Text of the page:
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“What if, sometimes, there be mists and fogs so thick that I cannot see the path? It is enough that You hold my hand, and guide me in the darkness; for walking with You in the gloom is far sweeter and safer than walking alone in the sunlight!” -Susannah Spurgeon
Part of fulfilling my job as a nanny includes filling these little hearts and minds with books, songs, stories, and words that drive their thoughts, hearts, and affections to the only righteous One. Here are some of my recommendations for doing so. (Link in bio.)
Lilli was praying while coloring earlier and said, “God, I love You when You’re the same and I still love You when You’re not the same.” • This echoes a lot of conversations we have on a daily basis, conversations of how she is loved regardless of her actions and how we “love you when you listen and we love you don’t.” • “Hey, Lilli, want to hear some amazing news?” • She always does. • “God never changes,” I tell her. “He’s always the same.” • “Wow.” • “How does that make you feel?” • She smiled so big. “It makes me feel really happy.” • “Why would that make you happy?” • “Because I love Him and I want Him to come everywhere with me and if He never changes it means He is always with me.” • She’s three years old. • Solid theology is a comfort for every age. Praise God for His immutability.
“Are you not willing to pass through every ordeal if by any means you may save some?” -Charles Spurgeon

Follow me as I follow Jesus

Monday Morning Munch No. 140 – Do you resist good things? I do.

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I resist good things. 

That’s what I learned about myself this week.
For real. And, yes, it’s as ridiculous as it sounds.

It goes back to what I’m finding a lot of things in my life go back to: fear.

I’m afraid I’ll love things too much (more than God).
I’m afraid I’ll love people too much and then God will take them away from me because I love them more than Him.
I’m afraid I’ll find too much pleasure in things that aren’t eternal and somehow dishonor God because if I were really following Him I wouldn’t even desire any of these “lesser” things.

The low-grade guilt over enjoying good things is real.

But I didn’t fully realize it until I started reading The Things of Earth by Joe Rigney. Hear me when I say this: This book is phenomenal. Buy this book. Read it. Slowly digest it. I’d loan you my copy but it’s pretty much highlighted and annotated past the point of legibility.

This book uses the Gospel to address the low-grade guilt that sometimes flares up in us and, oh my goodness, LET FREEDOM RING.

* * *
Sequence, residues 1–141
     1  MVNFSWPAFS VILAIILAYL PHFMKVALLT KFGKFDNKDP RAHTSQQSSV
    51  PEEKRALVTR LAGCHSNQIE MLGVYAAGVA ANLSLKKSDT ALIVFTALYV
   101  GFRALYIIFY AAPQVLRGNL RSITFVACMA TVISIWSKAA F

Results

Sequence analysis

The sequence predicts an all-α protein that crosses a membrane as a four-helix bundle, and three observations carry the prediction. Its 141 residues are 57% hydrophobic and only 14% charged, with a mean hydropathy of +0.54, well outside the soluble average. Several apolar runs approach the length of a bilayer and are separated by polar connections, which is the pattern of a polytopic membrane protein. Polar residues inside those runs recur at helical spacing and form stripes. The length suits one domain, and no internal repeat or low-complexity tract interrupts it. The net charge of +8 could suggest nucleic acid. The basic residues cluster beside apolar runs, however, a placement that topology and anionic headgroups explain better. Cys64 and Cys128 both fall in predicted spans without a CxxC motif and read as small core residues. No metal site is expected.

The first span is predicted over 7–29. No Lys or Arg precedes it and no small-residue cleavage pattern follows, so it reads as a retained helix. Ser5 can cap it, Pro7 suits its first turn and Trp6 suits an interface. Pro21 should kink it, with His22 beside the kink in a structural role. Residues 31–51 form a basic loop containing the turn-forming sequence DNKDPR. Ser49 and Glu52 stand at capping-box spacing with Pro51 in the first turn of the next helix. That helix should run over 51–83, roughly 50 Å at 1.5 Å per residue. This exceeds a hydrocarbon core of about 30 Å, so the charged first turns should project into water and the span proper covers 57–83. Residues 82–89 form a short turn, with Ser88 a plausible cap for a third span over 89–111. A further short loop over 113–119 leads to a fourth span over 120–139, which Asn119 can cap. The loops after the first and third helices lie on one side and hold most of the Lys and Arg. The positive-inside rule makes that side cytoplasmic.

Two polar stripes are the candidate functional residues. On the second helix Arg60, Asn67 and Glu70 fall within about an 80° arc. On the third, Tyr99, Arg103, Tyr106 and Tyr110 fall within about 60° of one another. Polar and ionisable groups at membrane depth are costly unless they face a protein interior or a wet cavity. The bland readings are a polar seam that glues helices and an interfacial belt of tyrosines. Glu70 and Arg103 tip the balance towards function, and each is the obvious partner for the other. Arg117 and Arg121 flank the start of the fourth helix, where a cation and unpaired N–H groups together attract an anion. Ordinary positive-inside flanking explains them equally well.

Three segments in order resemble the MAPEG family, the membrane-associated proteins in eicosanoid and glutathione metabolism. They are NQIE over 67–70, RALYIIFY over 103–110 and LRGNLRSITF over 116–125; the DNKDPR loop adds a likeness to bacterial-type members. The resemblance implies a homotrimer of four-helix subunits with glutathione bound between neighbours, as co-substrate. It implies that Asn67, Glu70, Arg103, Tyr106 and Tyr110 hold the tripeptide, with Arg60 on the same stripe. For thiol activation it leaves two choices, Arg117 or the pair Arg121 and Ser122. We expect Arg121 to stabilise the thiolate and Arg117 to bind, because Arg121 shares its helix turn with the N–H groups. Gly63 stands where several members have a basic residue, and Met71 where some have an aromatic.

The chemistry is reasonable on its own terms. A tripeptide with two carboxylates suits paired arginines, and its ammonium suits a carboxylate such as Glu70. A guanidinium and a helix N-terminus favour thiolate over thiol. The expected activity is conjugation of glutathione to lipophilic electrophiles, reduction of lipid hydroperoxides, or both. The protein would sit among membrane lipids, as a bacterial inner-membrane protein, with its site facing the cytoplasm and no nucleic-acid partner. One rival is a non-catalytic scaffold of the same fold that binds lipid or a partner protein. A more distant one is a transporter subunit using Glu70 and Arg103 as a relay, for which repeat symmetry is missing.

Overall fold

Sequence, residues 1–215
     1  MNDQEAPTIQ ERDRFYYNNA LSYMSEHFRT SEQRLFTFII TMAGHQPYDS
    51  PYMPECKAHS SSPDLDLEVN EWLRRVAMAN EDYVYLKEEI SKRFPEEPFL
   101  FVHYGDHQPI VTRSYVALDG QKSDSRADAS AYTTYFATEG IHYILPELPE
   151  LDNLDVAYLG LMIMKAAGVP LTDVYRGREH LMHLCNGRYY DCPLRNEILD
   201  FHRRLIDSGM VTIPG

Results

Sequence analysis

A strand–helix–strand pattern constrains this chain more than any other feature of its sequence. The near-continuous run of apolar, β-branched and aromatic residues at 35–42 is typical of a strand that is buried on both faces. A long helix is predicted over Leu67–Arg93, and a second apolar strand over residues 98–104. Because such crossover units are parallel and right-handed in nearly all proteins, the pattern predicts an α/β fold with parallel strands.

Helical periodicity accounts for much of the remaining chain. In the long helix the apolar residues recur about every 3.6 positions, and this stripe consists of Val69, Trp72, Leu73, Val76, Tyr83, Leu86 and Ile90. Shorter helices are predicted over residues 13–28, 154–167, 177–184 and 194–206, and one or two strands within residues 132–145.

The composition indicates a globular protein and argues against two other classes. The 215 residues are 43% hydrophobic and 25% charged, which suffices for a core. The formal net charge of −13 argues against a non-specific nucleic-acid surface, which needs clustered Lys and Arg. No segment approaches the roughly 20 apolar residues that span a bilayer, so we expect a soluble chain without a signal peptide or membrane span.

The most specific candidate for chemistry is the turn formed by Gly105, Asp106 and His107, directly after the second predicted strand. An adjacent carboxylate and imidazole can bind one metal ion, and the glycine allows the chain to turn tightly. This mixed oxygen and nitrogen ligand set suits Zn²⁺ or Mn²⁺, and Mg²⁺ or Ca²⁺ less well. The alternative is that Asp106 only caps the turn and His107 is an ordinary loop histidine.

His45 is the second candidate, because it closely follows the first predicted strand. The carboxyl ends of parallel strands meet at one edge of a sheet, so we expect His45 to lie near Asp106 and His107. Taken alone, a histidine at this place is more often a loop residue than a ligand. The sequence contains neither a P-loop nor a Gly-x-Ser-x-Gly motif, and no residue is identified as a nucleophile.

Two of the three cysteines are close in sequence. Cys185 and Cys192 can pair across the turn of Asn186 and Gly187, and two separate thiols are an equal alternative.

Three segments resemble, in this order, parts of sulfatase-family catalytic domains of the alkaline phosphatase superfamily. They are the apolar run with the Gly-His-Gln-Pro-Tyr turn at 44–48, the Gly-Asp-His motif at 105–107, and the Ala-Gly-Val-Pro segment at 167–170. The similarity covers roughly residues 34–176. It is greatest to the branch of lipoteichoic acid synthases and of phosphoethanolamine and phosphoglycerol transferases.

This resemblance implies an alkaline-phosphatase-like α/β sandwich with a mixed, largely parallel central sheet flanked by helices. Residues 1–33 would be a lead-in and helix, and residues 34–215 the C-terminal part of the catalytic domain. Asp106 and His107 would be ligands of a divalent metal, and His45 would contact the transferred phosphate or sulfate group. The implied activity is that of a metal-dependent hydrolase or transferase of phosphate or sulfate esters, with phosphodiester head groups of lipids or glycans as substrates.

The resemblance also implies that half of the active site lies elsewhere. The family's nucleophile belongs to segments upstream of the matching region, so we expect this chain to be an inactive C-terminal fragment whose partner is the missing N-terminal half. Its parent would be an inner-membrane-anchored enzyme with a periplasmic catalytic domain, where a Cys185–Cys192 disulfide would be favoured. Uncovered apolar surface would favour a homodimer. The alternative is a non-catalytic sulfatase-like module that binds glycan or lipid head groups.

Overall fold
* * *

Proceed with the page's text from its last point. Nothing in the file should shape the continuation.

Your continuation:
There is so much freedom in the Gospel, you guys.

Listen to this, it’s been wrecking my world this week, regarding idolatry (I know it’s a lot of words, but it’s SO WORTH the time to read):

Given the persistence of this threat to true worship of God, one way to address idolatry is to seek to thin out creation, to hold it loosely like a hot potato, and to be wary of its delights and pleasures. We recognize the potency of God’s gifts, so we tread lightly, sticking to the shallows and refusing to plunge into the ocean of earthly pleasures.

This suspicion of creation can grow into an outright rejection of creation, a call for full abstinence from God’s gifts (or at least certain gifts, usually those centered on bodily pleasures). Paul addresses this type of asceticism [absence of worldly pleasures] directly in Colossians 2:

“If you Christ you died to the elemental spirits of the world, why, as if you were still alive in the world, do you submit to regulations—‘Do not handle, Do not taste, Do not touch’ (referring to things that all perish as they are used)—according to human precepts and teachings? These have indeed an appearance of wisdom in promoting self-made religion and asceticism and severity to the body, but they are of no value in stopping the indulgence of the flesh.” (vv. 20-23)

To pursue holiness by stiff-arming created pleasures appears wise. Ascetic religion and severity to the body may impress lots of people. But their value in promoting godliness is null. The reason should be obvious: sin is not in the stuff. Sin resides in human hearts, and thinning out creation just makes us thin idolaters. We exchange indulgent sins for ascetic ones, but rearranging the deck chairs on the Titanic doesn’t alter the ship’s path.

-Joe Rigney, The Things of Earth

That last paragraph. That last sentence. Oh my word. Yes.

Does this resonate with you? Do you ever find yourself holding good things at arm’s length for fear of committing idolatry? What are some of the things you might be resisting, not because of a personal conviction but because of fear?

I’ll be sharing more from The Things of Earth in the days to come, but in the mean time you should pick up your own copy and work through it. It’s just so good.

“A full look at Jesus makes His gifts come alive.” -Joe Rigney

Other posts about The Things of Earth:
Questions to Identify Guilt from Good Things
Romans 1, On the Other Side of the New Birth

3 comments on “Monday Morning Munch No. 140 – Do you resist good things? I do.

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